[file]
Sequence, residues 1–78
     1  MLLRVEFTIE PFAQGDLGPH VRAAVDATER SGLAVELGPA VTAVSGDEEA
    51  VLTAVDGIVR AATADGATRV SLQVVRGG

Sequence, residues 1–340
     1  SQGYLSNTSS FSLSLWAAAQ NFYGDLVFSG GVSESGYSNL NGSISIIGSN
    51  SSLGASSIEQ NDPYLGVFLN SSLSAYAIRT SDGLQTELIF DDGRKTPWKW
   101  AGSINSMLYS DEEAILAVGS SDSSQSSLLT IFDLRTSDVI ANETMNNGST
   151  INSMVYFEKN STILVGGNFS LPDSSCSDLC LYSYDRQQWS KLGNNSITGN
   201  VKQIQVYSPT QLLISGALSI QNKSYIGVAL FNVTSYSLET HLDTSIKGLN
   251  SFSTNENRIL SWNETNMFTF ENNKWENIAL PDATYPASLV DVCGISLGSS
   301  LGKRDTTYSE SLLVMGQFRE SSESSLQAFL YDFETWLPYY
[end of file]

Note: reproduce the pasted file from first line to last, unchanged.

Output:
Sequence, residues 1–78
     1  MLLRVEFTIE PFAQGDLGPH VRAAVDATER SGLAVELGPA VTAVSGDEEA
    51  VLTAVDGIVR AATADGATRV SLQVVRGG

Sequence, residues 1–340
     1  SQGYLSNTSS FSLSLWAAAQ NFYGDLVFSG GVSESGYSNL NGSISIIGSN
    51  SSLGASSIEQ NDPYLGVFLN SSLSAYAIRT SDGLQTELIF DDGRKTPWKW
   101  AGSINSMLYS DEEAILAVGS SDSSQSSLLT IFDLRTSDVI ANETMNNGST
   151  INSMVYFEKN STILVGGNFS LPDSSCSDLC LYSYDRQQWS KLGNNSITGN
   201  VKQIQVYSPT QLLISGALSI QNKSYIGVAL FNVTSYSLET HLDTSIKGLN
   251  SFSTNENRIL SWNETNMFTF ENNKWENIAL PDATYPASLV DVCGISLGSS
   301  LGKRDTTYSE SLLVMGQFRE SSESSLQAFL YDFETWLPYY